According to federal data, about 48% of young children experiencing disabilities in Oregon receive all services in preschools and other early learning settings.
And according to a new report, Oregon programs still have a ways to go in being fully inclusive.
“Since the Individuals with Disabilities Act was developed 30 plus years ago, children experiencing disabilities have limited access, or are often asked to leave care even in preschool,” said Oregon Department of Education Early Childhood Coherent Strategies Specialist Meredith Villines.
“So we’re hoping to change that.”
Oregon, along with Illinois, was awarded a national grant to help create a framework for what inclusion should look like in early learning programs. This first of what’s intended to be an annual report released Thursday, the Oregon Early Childhood Inclusion report outlines Oregon’s progress, starting with making sure certain indicators are met across the state.
“The indicators that we’re really focused on are those cross-sector collaborative teams, and really creating and funding professional development supports for everyone who is engaged in the care and education of young children experiencing disabilities,” Villines said.
The report says Oregon is showing improvement, in terms of statewide indicators including policies, funding, and sharing new guidance.
The Senior Leadership Team “has developed a cross‐sector team, increased understanding of early learning policies and current guidance affecting inclusion of children experiencing disability, reviewed the current allocation of resources to support professionals in early care and education, and developed a snapshot of the coordination of professional development resources for those serving young children experiencing disability,” over a 20-month period between February 2020 and October 2021, according to a self-assessment.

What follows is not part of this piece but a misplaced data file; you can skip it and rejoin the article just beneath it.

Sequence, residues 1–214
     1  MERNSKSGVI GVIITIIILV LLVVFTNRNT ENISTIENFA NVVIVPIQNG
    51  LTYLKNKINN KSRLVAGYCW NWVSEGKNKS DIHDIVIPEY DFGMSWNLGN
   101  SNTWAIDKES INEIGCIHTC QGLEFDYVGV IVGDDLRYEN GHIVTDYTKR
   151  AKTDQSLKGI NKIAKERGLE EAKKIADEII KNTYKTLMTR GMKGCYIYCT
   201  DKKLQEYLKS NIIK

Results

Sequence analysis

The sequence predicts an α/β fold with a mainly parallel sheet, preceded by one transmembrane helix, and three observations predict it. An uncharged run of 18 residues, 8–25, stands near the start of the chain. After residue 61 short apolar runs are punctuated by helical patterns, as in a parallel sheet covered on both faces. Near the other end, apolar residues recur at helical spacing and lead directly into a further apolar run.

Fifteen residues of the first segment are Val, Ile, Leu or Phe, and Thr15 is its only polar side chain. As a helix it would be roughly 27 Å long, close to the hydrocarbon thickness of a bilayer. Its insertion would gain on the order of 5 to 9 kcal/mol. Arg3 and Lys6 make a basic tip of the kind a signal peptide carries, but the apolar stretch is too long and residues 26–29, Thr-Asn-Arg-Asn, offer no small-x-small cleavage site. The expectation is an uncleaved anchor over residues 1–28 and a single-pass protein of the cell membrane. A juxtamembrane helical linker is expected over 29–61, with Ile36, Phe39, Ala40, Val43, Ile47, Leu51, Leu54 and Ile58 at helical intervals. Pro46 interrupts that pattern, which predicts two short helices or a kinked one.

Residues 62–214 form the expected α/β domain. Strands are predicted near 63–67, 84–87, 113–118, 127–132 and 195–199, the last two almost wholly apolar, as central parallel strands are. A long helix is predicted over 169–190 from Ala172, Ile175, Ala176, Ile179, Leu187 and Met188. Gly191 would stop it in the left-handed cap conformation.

Three Oregon counties pointed out in the report also show progress in meeting community indicators including building awareness and providing access to training. As part of the pilot project, community inclusion teams in Multnomah, Clackamas and Lincoln counties meet monthly to work towards making early learning programs in their community more inclusive, serving as a model for other communities.
“We’re hoping to provide technical assistance support so those communities can partner with other members of their community to problem solve and come up with innovative solutions to this complex problem,” Villines said.
Going forward, the three counties plan to “sustain funding and scale inclusive practices.”
The counties have also set goals to bring more children experiencing disabilities into programs: to 30% in Lincoln County, to 60% in Multnomah County, to 65% in Clackamas County by 2023.
The next annual report, Villines said, will likely highlight scenes inside educational settings.
“What’s next is seeing the on-the-ground work, the impacts on programs and how they have been working together in this similar cross-sector fashion, and the impact in the classrooms,” Villines said.